Radiation Therapy for Small Cell Lung Cancer
For the most part, small cell lung cancer (SCLC) is the rarer and more aggressive type of lung cancer. Subsequently, the use of radiation therapy, as determined by a doctor, will depend on the cancer’s stage and can require internal radiation therapy. Commonly referred to as “limited-stage”, or SCLC limited to the chest, this form may be treated once or twice per day with a combination of chemotherapy and radiation therapy between three and seven weeks.
Extensive-stage SCLC indicates a spread beyond the chest and, as such, chemotherapy may become the primary course of treatment. Nonetheless, radiation can be used in palliative therapy to alleviate symptoms caused by tumors such as headaches, pain, and feelings of weakness. Often, with prognoses like these, treatment requires five visits per week for two to three weeks. Preventative cranial radiation (PCR) may also be used at this time to increase survival time and relieve painful symptoms in SCLC patients who are responsive to chemotherapy with or without radiotherapy.
Side Effects of Lung Cancer Radiation Treatment
The side effects of radiation treatments on lung cancer depend on the type of radiation and the location where treatment is administered. Commonly, radiation side effects lessen and disappear after treatment ends. However, combination chemotherapy and radiotherapy treatments may involve more severe symptoms for longer periods of time. Possible side effects of radiation include:
- Mild blistering or peeling
- Appetite and/or weight loss
- Sore throat
- Hair loss at the site of treatment
- Shortness of breath
- Memory loss
- Trouble thinking
Before undergoing treatment, patients should speak with their doctor about medical and holistic options to reduce the painful side effects of radiation therapy. For instance, for patients assigned radiation therapy to the chest, swallowing may become difficult.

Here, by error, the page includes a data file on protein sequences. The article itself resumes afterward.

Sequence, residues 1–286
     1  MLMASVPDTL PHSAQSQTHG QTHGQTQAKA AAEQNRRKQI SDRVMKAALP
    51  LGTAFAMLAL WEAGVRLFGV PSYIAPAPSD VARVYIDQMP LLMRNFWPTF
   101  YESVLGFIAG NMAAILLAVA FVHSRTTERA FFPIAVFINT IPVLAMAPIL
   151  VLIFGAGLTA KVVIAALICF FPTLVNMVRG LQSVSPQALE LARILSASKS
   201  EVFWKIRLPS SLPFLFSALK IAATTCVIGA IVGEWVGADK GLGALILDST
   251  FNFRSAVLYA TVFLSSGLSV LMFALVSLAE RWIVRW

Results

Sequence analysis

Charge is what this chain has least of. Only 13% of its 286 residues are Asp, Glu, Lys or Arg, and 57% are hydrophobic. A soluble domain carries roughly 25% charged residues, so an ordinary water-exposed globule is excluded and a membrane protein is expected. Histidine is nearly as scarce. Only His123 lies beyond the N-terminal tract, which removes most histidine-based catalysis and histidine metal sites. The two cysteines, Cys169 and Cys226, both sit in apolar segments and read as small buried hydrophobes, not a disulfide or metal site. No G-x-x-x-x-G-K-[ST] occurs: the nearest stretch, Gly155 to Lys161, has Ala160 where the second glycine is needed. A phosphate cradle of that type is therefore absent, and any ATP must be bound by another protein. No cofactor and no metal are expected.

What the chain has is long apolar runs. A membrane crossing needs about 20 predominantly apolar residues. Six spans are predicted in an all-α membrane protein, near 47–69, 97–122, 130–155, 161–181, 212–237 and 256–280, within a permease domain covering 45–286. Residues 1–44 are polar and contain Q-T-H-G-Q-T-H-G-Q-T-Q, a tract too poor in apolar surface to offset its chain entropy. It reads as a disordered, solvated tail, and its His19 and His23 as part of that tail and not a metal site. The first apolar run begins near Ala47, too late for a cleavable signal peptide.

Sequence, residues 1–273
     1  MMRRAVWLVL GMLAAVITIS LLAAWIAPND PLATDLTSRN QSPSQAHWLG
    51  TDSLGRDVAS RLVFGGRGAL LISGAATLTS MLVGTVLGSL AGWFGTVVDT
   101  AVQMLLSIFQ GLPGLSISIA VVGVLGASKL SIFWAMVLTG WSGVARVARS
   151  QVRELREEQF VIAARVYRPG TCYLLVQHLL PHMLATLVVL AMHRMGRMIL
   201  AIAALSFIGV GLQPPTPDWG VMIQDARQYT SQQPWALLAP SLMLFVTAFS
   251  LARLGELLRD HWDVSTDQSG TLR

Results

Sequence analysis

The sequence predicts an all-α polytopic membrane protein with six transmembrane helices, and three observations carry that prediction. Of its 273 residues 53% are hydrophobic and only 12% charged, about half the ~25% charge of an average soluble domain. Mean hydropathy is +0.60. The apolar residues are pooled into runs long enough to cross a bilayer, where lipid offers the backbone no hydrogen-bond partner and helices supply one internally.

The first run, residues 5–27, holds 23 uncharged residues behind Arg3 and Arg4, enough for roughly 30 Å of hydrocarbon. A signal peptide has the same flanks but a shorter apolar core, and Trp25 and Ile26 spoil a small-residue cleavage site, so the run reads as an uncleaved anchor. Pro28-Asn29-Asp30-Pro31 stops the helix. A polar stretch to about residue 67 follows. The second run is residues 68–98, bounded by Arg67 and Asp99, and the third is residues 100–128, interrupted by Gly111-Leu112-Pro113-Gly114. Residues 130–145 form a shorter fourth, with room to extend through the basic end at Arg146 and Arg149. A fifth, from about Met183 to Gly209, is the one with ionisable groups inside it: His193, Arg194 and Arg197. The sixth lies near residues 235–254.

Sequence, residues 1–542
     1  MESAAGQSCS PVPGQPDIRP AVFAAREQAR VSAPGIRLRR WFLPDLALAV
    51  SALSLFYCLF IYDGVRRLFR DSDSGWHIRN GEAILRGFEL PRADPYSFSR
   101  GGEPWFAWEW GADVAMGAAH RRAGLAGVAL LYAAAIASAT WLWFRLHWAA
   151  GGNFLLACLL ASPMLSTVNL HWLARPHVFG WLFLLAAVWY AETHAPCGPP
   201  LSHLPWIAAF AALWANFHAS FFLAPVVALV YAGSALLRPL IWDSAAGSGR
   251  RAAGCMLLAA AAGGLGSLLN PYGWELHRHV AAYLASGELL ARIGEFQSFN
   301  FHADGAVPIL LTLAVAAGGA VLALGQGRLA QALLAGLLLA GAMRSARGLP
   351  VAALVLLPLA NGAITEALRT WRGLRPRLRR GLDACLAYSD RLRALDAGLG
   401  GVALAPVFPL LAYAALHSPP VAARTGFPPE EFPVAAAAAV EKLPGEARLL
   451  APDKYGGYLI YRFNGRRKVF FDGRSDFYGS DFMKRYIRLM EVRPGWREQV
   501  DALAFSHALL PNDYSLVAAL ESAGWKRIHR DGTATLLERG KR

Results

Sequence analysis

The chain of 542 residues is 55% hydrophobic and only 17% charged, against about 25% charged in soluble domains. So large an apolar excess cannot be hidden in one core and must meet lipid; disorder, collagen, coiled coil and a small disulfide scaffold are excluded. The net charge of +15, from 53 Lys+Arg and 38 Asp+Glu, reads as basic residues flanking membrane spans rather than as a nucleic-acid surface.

Patients and families can plan ahead by stocking up on liquids and soft foods. For those who need cranial radiation, memory loss and problems thinking normally may prevent the patient from feeling her best. Before therapy, patients and their loved ones should discuss ways to ask for and give help during this time.
Who Is a Good Candidate for Radiation Therapy?
While many patients receive a combination of chemotherapy, radiation, and surgery to treat their cancer, not all are able to undergo the rigors of certain therapy techniques. Thus, patients who are not eligible for surgery and have small, localized lung cancers may be good candidates for radiation therapy. Normally, patients who are not good candidates for surgery include:
- The elderly
- Those with chronic heart failure
- Those with blood-clotting failure
For patients with stage 1 NSCLC with a tumor in the chest measuring five centimeters or less, radiation therapy can be between 85 and 95 percent effective as surgery for the same prognosis. Furthermore, a trial of combination chemoradiation therapy resulted in a 32 percent five-year survival rate for patients with NSCLC – double previous estimates.
Preparing for Radiation Therapy
For the most part, radiation treatments are administered in an outpatient setting as determined by a radiation oncologist. Patients will attend appointments a set number of days each week for treatment but have the ability to return home at the end of each day. Accordingly, patients should seize the opportunity to plan for plenty of rest and food, as this can also help improve the prognosis. Sleep and calories can feel restorative during cancer therapy and help maintain the patient’s health throughout treatment.